Wednesday, 13 February 2013


 It has been widely reported that the recent spate of retirements and promotions in the upper ranks of the Canadian Forces is directly related to the governments attempt to balance the budget by cutting spending in all departments. (1) While Canadian Defence Matters is always in favour of making economies by getting rid of excess generals, (2) in this case it would appear that the over all amount of brass will remain unchanged, meaning that other methods of saving money must be found. 

In fact, the staffing changes come after Prime Minister Stephen Harper made clear last fall that he wanted the military to find administrative savings. A 2011 report on transformation done by Lt.-Gen. Andrew Leslie, (3) now retired, identified measures that could save as much as $1 billion in administration costs. It should be noted that, as has been pointed out in these pages, the Department of Defence never met a cost cutting program that it didn’t like. (4)

While not every observer sees these changes at the top as being influenced by the governments desire to implement savings, (5) there is no doubt that the Defence budget will be cut and that one way or another the department will have to deal with it. (6)

The danger is that poorly managed economies will lead to what has been called a “hollow force: one that while capable on paper is in reality unable to fulfill its duties. It happens when budgets contract and it seems easier to take a little something out of  maintenance, training, and operations, and to add a little  bit of "doing more with less". It’s easier than making the hard choices by identifying what missions you won't do anymore and trimming low priority capabilities. Those easier choices may be described as “temporary” and they may seem better than making the "wrong" long-term choices, but eventually you end up with a military force that can not accomplish the goals that have been set for it 

The hardest part is deciding which missions and capabilities are going to be sacrificed. (7) If you get it wrong then equipment and capabilities available will determine policy. This is exactly backwards. What should happen is that strategy should determine operations, operations determine tactics, and tactics in turn should inform equipment procurement.

Venturing into the swampy waters of Canadian Strategy is another impediment to the rational decision making that is necessary when budgets are tight. Robert J. Sutherland, director of operational research, Department of National Defence, 1962 once pointed out that, ”Canada has no particular tradition of strategic calculation. Such tradition as we possess seems to be that strategy is a suitable diversion for retired generals who need not be taken very seriously”.
While not having the status of a retired general Canadian Defence Matters takes heart in the thought that it is not taken very seriously and therefore qualifies, in Canada, as a traditional purveyor of strategic calculation. 

That being said, Sean Maloney (8) has pointed out four aspects of Canadian Strategic tradition. 

Forward Security: This is the deployment of Canadian Forces overseas to ensure that violent international activity is kept as far away from North America as possible and that Canadian interests overseas are protected.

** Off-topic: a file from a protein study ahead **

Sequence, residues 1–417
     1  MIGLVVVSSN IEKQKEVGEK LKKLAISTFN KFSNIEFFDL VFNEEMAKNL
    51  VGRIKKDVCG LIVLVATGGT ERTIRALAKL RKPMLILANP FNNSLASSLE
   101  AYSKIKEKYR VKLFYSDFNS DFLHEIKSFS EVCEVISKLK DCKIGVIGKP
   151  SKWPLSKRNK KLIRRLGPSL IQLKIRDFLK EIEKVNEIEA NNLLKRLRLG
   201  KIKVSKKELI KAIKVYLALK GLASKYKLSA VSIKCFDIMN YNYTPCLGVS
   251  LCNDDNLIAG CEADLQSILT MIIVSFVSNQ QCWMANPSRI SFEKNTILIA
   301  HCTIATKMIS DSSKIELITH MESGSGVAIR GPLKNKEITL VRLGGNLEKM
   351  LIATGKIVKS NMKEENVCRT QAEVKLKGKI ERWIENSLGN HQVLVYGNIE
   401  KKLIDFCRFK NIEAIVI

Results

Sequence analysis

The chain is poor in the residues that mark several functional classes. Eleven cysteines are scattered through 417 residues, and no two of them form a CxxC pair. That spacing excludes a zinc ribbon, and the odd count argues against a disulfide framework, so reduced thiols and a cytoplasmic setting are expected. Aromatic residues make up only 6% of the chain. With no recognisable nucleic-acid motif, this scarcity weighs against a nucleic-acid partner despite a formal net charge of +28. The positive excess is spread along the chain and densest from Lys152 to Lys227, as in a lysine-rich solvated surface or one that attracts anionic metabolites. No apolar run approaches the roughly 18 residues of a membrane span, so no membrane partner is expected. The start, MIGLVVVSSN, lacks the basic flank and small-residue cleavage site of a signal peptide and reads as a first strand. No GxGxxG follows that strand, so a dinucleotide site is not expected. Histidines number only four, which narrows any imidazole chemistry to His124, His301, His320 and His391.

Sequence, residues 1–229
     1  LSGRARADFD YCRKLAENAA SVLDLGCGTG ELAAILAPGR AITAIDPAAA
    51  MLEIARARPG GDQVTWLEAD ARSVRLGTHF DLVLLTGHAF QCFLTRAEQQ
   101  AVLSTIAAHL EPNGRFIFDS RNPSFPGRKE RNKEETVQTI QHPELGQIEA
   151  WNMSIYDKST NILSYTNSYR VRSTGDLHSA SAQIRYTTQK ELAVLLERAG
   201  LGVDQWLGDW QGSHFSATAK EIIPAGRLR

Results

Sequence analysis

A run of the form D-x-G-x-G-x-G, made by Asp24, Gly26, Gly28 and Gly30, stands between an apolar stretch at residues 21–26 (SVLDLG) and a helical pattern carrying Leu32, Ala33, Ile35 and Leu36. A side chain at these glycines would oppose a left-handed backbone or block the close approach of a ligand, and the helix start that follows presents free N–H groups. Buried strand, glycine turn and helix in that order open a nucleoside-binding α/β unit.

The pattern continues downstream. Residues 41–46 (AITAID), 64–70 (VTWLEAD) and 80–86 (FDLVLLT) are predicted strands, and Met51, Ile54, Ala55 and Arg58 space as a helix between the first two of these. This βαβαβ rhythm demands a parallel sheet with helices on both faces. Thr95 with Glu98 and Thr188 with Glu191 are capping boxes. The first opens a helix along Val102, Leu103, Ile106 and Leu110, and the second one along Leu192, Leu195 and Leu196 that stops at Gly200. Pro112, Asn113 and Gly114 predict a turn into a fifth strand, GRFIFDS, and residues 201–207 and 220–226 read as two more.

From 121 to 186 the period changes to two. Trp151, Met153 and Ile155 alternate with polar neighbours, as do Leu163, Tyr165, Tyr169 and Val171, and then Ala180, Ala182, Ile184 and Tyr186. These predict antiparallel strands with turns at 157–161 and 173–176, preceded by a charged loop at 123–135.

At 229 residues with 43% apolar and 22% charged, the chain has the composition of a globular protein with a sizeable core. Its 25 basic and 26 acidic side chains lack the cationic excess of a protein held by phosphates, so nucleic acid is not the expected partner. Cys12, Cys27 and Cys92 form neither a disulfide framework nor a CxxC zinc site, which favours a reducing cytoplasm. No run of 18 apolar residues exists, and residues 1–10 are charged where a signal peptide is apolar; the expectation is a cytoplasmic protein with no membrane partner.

Coalition Warfare: Canada has a comparatively small population and its industrial base is maximized for civilian purposes. Canada can not generate large standing forces like its allies can. 

Operation Influence: The ability to determine what deployed Canadian Forces can and can not do within the coalition and prevent there misuse by larger coalition members.

Saliency: Canada must have effective forces allocated to the coalition which have unique capabilities or employment which makes up for the lack of numbers and permits operational influence in the coalition command structures.

This is the kind of thinking that has to start any discussion about which missions and which capabilities are going to be eliminated in order that the remaining forces remain capable. You can be reasonably sure that there was a lot discussion around the decisions to delete the air defence capability found in ADATS (9) and the direct fire capability of TOW. (10) What is not known is what strategic calculation went into these decisions.

 Without a public discussion of the alternatives within the context of strategy and Canadian foreign policy, there is no assurance that the inevitable contraction of our armed forces will result in an effective force for Canada.

 Strategy is an art of the possible. It is not just about the politico-military means of employing purposive and definitive force; it is also about sustaining in the context of competing peacetime values the means to act should the necessity arise. 
 ( A Two-Edged Sword, The Navy as an Instrument of Canadian Foreign Policy, by Nicholas Tracy. Page 317)

 (1) Toronto Star, 2013/02/06

 (2) Canadian Defence Matters, General Inflation 

(3) Report on Transformation 2011

(4) Canadian Defence Matters, Raiding the Readiness Budget

(5) Defence Watch, New Canadian Forces Leadership To Oversee Budget Cuts? February 7, 2013.

(6)  The Globe and Mail, Published Thursday, Mar. 29 2012, Deep cuts to military mark reversal for Harper

(7)Canadian Forces selling equipment, mothballing base housing to meet cuts.

(8) Sean M. Maloney, War with Iraq, Canada’s strategy in the Persian Gulf, 1990 – 2002, Martello Papers # 24

(9) ADATS Heading To Museums and Concrete Pads Outside Bases
May 16, 2012. 11:49 pm • Section: Defence Watch

(10) Canadian Army Studies Its Direct Fire Capability As It Gets Ready to “Divest” Itself of Some TOW Systems May 28, 2012.